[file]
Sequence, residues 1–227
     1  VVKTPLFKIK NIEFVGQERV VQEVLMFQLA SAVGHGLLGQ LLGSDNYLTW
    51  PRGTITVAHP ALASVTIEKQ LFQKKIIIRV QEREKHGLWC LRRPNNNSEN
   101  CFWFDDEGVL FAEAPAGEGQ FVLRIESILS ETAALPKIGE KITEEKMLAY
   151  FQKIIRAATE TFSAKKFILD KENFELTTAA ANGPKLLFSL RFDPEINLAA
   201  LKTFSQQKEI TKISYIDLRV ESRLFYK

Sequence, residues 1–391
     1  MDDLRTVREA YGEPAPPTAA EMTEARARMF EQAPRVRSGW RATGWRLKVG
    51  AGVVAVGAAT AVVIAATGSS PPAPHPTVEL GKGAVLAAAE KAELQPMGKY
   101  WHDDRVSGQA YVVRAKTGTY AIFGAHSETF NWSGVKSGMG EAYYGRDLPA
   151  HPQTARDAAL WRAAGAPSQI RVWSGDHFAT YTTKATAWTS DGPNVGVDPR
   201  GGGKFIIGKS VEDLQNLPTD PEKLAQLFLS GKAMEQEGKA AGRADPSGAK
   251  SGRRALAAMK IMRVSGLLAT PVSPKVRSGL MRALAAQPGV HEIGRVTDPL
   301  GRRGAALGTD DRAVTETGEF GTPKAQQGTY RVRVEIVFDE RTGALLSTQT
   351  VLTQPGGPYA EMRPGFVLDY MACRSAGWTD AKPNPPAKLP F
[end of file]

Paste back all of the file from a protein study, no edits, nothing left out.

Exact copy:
Sequence, residues 1–227
     1  VVKTPLFKIK NIEFVGQERV VQEVLMFQLA SAVGHGLLGQ LLGSDNYLTW
    51  PRGTITVAHP ALASVTIEKQ LFQKKIIIRV QEREKHGLWC LRRPNNNSEN
   101  CFWFDDEGVL FAEAPAGEGQ FVLRIESILS ETAALPKIGE KITEEKMLAY
   151  FQKIIRAATE TFSAKKFILD KENFELTTAA ANGPKLLFSL RFDPEINLAA
   201  LKTFSQQKEI TKISYIDLRV ESRLFYK

Sequence, residues 1–391
     1  MDDLRTVREA YGEPAPPTAA EMTEARARMF EQAPRVRSGW RATGWRLKVG
    51  AGVVAVGAAT AVVIAATGSS PPAPHPTVEL GKGAVLAAAE KAELQPMGKY
   101  WHDDRVSGQA YVVRAKTGTY AIFGAHSETF NWSGVKSGMG EAYYGRDLPA
   151  HPQTARDAAL WRAAGAPSQI RVWSGDHFAT YTTKATAWTS DGPNVGVDPR
   201  GGGKFIIGKS VEDLQNLPTD PEKLAQLFLS GKAMEQEGKA AGRADPSGAK
   251  SGRRALAAMK IMRVSGLLAT PVSPKVRSGL MRALAAQPGV HEIGRVTDPL
   301  GRRGAALGTD DRAVTETGEF GTPKAQQGTY RVRVEIVFDE RTGALLSTQT
   351  VLTQPGGPYA EMRPGFVLDY MACRSAGWTD AKPNPPAKLP F